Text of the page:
|Chrystal Thompson at Board of Elections this morning. (Photo: J.D. Pooley/Sentinel-Tribune)
The crowd spilled out into the hallway, waiting to hear the fate of the Bowling Green anti-discrimination ordinances - a race too close to call on election night. When the numbers were reported, the silence was broken by cheers. And a couple women, now with new-found support in their community, openly kissed and hugged.
Both ordinances passed, one with 52.67 percent of the vote and the other with 51.65 percent.
"I feel a little overwhelmed," said Kay Chapman, who worked on the campaign. "My faith in the people of Bowling Green has been restored and I guess it's time to let the healing begin."
As of election night, without the provisional ballots being counted, BG Ordinance 7905 was passing 4,104 to 4,080, and Ordinance 7906 was losing 4,003 to 4,119. But after the counting of the provisional ballots, likely many of them from BGSU students, Ordinance 7905 passed 4,767 to 4,284 and Ordinance 7906 passed 4,635 to 4,338. The margins are wide enough that no automatic recount is required.
Those opposed to the ordinances said the close margin is notable, considering the concerted efforts to get BGSU students to support the issues.
"It's extremely close," said Crystal Thompson, spokesperson for the anti-ordinance effort. "We were extremely close considering we were outspent by eight times."
Thompson said the earlier numbers, which showed both ordinances being soundly defeated, better reflected the feelings of true BG residents.
"The city clearly didn't want it," Thompson said this morning.
However, Kim Welter, campaign manager for ONE BG, said the victory is not due purely to student voters.
"I don't think most of BG believes gay and transgender people ought to be discriminated against," she said.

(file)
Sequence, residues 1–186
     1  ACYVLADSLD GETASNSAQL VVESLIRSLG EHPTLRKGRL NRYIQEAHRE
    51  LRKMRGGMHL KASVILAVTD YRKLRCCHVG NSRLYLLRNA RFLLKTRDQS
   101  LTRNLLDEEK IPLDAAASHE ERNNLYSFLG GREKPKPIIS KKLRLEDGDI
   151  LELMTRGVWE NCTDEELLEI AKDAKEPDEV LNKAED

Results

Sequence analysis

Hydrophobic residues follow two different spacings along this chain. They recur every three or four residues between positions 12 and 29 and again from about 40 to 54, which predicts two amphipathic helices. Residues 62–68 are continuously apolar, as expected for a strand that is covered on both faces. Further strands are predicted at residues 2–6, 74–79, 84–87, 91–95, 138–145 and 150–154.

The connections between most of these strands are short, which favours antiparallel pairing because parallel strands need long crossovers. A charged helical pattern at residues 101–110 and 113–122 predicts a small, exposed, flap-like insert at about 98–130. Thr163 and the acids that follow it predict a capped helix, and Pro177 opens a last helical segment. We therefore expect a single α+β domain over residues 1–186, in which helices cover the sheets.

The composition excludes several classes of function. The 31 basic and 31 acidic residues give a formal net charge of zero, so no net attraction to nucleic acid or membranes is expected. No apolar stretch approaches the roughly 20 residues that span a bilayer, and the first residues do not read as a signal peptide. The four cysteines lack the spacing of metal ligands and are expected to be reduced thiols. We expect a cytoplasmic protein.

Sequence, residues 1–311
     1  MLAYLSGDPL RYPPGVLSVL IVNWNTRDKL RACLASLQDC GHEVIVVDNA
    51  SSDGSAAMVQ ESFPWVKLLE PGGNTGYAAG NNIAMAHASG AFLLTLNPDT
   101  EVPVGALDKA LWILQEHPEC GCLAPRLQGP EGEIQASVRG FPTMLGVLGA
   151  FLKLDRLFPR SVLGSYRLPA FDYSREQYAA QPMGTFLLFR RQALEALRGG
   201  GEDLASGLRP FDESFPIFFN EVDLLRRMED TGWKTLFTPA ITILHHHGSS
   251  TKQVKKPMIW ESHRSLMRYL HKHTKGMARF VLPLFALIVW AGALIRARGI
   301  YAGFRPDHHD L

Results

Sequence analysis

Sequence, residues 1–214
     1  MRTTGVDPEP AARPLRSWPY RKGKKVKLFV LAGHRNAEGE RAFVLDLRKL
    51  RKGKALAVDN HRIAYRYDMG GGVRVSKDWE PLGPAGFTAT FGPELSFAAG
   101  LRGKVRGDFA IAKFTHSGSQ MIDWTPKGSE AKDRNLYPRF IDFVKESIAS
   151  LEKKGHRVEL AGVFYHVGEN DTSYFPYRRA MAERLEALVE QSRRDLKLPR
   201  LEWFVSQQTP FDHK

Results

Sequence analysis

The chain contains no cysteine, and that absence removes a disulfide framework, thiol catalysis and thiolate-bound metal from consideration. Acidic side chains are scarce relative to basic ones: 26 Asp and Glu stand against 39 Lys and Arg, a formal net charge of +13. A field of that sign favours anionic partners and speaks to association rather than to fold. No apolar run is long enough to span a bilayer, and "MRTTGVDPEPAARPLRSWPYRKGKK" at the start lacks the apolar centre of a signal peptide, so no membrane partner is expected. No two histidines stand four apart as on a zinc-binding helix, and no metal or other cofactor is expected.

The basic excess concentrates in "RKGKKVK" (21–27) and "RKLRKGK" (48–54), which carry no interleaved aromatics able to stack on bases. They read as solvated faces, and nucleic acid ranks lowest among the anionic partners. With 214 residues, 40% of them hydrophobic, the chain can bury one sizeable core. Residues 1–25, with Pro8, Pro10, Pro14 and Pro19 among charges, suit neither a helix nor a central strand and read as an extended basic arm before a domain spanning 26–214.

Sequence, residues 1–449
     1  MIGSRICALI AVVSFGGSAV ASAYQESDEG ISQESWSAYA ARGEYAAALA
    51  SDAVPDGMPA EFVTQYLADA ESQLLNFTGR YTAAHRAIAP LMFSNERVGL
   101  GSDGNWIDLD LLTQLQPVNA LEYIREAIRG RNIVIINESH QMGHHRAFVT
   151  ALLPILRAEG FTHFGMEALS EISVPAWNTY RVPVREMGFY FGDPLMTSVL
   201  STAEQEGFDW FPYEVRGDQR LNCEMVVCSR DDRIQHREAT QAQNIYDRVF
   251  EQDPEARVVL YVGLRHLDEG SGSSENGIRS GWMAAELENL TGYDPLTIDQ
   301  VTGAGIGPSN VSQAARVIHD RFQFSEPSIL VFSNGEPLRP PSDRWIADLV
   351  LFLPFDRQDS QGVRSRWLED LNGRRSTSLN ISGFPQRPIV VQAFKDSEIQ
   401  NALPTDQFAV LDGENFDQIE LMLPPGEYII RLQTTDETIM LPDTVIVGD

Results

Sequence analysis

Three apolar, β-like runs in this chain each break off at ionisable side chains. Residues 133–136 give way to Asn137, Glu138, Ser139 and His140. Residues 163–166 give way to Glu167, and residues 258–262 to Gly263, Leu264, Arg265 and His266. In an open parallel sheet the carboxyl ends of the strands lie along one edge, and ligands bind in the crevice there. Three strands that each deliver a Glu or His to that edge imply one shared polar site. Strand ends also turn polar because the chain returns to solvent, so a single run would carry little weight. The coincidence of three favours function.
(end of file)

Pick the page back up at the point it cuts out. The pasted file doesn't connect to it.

Ordinance 7905 forbids landlords from evicting or refusing to rent to people because of their sexual orientation. Ordinance 7906 makes it unlawful for businesses to fire, refuse to hire, or refuse to serve a person because of sexual orientation. Council passed the ordinances in August 2009, but the laws were put on hold when an opposition group submitted referendum petitions to put the issues up for a city-wide vote.
Mary Vollmar, an opponent of the ordinances, said this morning that the new laws are just the start of a deterioration of traditional values. The ordinances, she said, are the first step to dissolve the sanctity of one man-one woman marriages in Ohio.
"People, especially young adults, need to wake up," Vollmar said.
But Welter objected to that logic, saying 17 other Ohio cities already have similar ordinances in place - many for over a decade - yet marriage laws in the state have not been changed. The ordinances, she said, simply provide a way to handle discrimination issues locally.
"It's a way to give people an option if they choose to report discrimination," she said.
The campaign brought topics into public discussion that before had been hushed. Gay and transgender community members talked about discrimination they have faced in the past.
"We're all so proud of every person who stood up and spoke out," said Darlene Bevelhymer, treasurer of the ONE BG campaign.
"This is a day to be proud of our community and to be proud of every person who stepped up to be part of this decision," said Jane Rosser, ONE BG chairperson.
And now the healing must begin, since the campaign split some members of the community. Rosser said it is up to BG residents to make the ordinances work and make the city a welcoming community by reaching out to everyone - "regardless of what yard sign they had in front of their house."
On election night, when it initially appeared the ordinances had been soundly defeated, Thompson said her organization would next target city council members who passed the ordinances.
"They're next," she said. "We're voting them out - all of them." She added that Mike Frost, the one councilmember to vote against the ordinances, would not be targeted. "We'll let Frost stay."
However, this morning, Thompson said any future action by her organization is yet unknown.
"We'll wait and see," she said.
The Wood County Board of Elections this morning announced that Ordinances 7905 and 7906 in Bowling Green were approved.
Ordinance 7905 — 4,765 yes; 4284 no.
Ordinance 7906 — 4,635 yes; 4,338 no.
The margin of victory is sufficient to avoid an automatic recount.
|BGSU students and ONE campaign volunteers Raisa Mathis, left, and Michelle Moomau look over electioin results. (Photo: J.D. Pooley/Sentinel-Tribune)